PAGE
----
The terribly scorched koala that was rescued by a heroic woman from a NSW bushfire has passed away.
Ellenborough Lewis had been receiving “round the clock” care since local resident Toni Doherty plucked him from a dangerous blaze near Port Macquarie last week.
On Tuesday afternoon, Port Macquarie Koala Hospital confirmed the sad news.
“Today we made the decision to put Ellenborough Lewis to sleep. We placed him under general anaesthesia this morning to assess his burns injuries and change the bandages,” read a statement on the hospital’s official Facebook page.
“We recently posted that ‘burns injuries can get worse before they get better’. In Ellenborough Lewis’s case, the burns did get worse, and unfortunately would not have gotten better.
“The Koala Hospital’s number one goal is animal welfare, so it was on those grounds that this decision was made. We thank you for your ongoing support.”
Footage of Lewis’ ordeal went viral last week when Doherty found him struggling to escape a bushfire near Long Flat in New South Wales. She took the shirt off her own back and risked her safety by entering the blaze to save Lewis by wrapping the whimpering animal in her top and pouring water over it.
She then took the badly injured koala 49 kilometres to the Port Macquarie Koala Hospital where he was named after Toni’s grandson and taken into home care.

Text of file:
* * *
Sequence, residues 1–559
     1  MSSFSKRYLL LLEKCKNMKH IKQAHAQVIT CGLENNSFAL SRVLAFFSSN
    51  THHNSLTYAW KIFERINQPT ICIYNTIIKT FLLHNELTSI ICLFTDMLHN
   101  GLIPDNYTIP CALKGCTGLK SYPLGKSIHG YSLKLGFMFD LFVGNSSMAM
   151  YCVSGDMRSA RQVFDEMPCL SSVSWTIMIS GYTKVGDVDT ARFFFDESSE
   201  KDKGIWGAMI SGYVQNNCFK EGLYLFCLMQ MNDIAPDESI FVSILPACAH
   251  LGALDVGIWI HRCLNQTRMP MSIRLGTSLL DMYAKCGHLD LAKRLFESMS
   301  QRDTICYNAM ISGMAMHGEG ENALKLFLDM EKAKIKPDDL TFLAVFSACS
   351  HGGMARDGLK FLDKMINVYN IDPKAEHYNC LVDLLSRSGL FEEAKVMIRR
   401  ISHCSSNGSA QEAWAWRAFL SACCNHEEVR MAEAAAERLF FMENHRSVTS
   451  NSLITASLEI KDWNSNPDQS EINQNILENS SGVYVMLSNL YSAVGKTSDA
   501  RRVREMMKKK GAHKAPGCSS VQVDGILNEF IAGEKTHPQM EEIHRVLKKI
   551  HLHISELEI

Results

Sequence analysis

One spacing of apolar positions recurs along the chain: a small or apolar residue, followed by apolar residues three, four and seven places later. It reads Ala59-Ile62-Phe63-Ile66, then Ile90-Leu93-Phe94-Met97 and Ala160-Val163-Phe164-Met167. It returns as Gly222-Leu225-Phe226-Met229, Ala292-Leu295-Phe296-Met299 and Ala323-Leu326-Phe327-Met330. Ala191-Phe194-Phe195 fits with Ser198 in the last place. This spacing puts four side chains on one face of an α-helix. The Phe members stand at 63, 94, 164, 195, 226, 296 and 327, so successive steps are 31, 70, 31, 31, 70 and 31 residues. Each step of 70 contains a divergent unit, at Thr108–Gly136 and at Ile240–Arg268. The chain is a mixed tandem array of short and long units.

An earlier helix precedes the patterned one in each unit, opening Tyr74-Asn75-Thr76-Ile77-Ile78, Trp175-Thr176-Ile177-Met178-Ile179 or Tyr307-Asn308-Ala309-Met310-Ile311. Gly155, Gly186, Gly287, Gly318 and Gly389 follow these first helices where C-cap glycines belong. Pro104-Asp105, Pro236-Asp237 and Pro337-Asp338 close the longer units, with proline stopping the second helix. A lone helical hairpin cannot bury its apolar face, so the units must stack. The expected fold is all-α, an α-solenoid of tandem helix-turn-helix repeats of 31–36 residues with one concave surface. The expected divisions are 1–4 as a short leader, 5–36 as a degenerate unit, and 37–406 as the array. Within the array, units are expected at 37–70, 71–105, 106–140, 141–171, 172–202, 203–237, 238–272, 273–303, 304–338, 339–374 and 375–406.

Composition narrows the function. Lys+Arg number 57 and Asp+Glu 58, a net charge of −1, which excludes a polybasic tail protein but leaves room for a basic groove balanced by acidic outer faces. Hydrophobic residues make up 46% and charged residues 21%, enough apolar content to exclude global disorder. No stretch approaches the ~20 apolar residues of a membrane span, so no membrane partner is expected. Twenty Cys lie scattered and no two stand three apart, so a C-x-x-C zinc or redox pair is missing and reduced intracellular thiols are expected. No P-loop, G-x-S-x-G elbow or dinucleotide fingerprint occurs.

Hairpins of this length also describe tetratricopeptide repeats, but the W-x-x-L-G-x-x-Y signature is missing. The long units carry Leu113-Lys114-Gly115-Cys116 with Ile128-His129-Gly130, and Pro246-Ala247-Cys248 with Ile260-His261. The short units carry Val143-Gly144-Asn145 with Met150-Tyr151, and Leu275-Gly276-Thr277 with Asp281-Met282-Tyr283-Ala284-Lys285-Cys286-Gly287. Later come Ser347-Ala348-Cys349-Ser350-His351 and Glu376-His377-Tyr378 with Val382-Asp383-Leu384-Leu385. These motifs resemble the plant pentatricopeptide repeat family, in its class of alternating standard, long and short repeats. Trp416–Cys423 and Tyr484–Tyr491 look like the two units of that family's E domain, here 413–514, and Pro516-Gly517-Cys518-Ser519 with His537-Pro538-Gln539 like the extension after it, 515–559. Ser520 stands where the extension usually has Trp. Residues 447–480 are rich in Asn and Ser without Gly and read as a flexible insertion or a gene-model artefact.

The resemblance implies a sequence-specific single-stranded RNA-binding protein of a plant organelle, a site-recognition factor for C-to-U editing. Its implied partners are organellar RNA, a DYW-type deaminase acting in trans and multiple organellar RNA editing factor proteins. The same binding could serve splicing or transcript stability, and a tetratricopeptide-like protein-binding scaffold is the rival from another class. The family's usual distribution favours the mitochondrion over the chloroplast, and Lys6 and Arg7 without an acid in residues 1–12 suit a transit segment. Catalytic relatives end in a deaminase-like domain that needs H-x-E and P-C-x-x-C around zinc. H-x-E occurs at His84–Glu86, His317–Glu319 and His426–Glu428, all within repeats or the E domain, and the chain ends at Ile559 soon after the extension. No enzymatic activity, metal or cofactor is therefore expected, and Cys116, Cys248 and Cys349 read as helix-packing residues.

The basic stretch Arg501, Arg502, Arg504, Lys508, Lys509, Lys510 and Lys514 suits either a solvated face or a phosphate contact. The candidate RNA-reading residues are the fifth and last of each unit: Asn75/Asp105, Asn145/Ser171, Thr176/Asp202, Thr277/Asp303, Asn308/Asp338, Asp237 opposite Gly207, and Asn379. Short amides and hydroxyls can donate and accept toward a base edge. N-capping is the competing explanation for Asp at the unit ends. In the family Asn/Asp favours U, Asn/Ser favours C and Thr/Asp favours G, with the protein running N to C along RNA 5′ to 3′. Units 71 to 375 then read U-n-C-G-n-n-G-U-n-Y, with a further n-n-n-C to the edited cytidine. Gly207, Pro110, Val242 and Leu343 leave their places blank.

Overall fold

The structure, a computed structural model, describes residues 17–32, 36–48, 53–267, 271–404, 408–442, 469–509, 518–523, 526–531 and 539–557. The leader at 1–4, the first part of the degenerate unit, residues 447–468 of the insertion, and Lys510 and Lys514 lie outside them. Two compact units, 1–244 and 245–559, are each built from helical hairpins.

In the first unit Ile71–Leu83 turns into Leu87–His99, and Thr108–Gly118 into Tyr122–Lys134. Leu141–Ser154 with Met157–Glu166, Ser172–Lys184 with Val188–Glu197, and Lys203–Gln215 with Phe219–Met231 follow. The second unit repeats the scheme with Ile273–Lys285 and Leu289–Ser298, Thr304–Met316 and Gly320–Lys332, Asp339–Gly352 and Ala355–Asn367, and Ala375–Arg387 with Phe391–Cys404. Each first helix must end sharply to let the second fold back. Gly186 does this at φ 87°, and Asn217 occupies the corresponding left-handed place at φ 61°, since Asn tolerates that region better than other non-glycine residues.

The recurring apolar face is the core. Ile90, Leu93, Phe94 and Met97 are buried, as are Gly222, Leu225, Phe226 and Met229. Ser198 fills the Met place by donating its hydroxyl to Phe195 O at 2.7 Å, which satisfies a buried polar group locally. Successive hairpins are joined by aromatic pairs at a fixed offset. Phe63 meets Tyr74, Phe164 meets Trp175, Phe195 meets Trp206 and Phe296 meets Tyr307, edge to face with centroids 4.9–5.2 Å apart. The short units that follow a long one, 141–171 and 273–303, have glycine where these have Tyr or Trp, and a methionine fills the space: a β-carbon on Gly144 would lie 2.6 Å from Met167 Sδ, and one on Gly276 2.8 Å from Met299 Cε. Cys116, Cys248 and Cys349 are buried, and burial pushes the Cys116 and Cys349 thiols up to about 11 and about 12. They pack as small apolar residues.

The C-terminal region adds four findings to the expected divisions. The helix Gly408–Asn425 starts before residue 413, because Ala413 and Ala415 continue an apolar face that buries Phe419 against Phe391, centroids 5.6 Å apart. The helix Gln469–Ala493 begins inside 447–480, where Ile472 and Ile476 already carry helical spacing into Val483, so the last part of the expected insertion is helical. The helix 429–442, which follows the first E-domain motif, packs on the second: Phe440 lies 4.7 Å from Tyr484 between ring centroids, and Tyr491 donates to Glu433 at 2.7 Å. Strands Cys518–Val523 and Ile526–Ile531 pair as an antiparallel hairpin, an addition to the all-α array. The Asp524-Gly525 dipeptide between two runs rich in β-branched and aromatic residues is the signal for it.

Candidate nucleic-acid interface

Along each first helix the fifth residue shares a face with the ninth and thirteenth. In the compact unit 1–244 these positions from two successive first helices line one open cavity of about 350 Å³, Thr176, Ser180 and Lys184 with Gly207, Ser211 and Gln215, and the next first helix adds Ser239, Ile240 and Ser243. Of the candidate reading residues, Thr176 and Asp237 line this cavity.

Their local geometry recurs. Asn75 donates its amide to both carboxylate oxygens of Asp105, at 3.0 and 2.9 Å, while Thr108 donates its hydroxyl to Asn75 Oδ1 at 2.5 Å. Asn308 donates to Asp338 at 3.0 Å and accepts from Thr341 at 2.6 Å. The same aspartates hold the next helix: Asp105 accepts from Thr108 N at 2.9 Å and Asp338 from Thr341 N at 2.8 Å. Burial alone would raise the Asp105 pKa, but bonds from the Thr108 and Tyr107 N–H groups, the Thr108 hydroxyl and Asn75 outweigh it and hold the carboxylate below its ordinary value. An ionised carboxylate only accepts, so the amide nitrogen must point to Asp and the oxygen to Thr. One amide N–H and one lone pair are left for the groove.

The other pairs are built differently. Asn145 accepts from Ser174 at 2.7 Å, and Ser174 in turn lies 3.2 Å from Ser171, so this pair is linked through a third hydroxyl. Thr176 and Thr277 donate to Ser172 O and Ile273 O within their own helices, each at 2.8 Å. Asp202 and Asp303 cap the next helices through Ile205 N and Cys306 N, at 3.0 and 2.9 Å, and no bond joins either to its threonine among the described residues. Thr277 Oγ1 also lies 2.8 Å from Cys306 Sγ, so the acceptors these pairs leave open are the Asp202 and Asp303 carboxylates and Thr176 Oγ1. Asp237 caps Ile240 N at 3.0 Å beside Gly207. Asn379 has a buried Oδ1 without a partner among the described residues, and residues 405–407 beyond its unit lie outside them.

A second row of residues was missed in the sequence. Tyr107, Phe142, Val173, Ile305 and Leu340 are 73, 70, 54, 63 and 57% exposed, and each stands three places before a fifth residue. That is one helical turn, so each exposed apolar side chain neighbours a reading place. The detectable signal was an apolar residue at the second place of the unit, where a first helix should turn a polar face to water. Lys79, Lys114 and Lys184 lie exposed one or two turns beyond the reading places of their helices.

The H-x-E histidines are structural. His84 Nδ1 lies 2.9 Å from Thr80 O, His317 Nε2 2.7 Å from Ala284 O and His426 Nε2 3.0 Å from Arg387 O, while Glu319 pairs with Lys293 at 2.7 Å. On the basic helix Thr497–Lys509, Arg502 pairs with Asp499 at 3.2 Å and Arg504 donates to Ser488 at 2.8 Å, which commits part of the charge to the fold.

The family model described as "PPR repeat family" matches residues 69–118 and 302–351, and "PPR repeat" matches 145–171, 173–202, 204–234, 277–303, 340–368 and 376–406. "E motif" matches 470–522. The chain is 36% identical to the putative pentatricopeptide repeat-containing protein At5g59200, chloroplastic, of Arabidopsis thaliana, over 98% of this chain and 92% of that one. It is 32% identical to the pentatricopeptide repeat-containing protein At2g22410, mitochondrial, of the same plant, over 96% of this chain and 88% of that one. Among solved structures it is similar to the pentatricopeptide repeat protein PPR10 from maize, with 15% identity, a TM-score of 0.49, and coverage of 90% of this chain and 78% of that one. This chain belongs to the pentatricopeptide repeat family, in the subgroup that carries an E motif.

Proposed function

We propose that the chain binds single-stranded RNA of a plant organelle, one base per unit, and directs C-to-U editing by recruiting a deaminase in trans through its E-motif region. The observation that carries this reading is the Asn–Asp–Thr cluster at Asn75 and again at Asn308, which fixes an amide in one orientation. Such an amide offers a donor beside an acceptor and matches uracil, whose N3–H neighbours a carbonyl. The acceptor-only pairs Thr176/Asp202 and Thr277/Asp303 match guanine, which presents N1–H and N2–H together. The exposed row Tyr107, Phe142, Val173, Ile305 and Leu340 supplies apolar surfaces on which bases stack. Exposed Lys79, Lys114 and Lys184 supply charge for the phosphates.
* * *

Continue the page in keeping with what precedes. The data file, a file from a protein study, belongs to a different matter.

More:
“It was terrifying to see him just come out of the flames and he looked so defenceless running along the road,” Doherty told Nine News.
“I knew I needed to put something around him as I ran to the tree, so I just took off my shirt and covered him with it. I just tried to get him out of the fire, it was so hot and so frightening.”
Last week Koala Conservation Australia president Sue Ashton provided an update on Lewis’ health.
“We’re fairly guarded on his condition,” she told HuffPost Australia on Thursday. “He was quite badly burnt, his paws are badly burnt. He’s a mature, adult koala.”
Port Macquarie Koala Hospital Clinical director Cheyne Flanagan later said the koala had been put on fluids and oxygen and was “probably the worst one” they had in their care.
“He’s got, what we call, partial thickness burns and there’s one little spot of full thickness. So he’s got really badly burnt hands and feet, he’s got burns under his arms, his nose is burnt and a bit of his private parts are burnt as well, and he is singed all over,” she said.
The country’s koala population has been a major victim of the flames, with more than 350 of the marsupials feared killed in a major habitat. Warmer weather brought by climate change threatens to worsen conditions for koalas, as deforestation has narrowed habitable areas, said James Tremain of the Nature Conservation Council of New South Wales.
“Devastating bushfires are going to knock out some of these key population centres, but so will increasing temperatures,” he said, by affecting the nutrition value of the leaves that are the animals’ sole food source.
A GoFundMe page for the koala hospital was launched on October 31 and has tremendously exceeded its $25,000 target, with over $1 million of donations recorded on its page.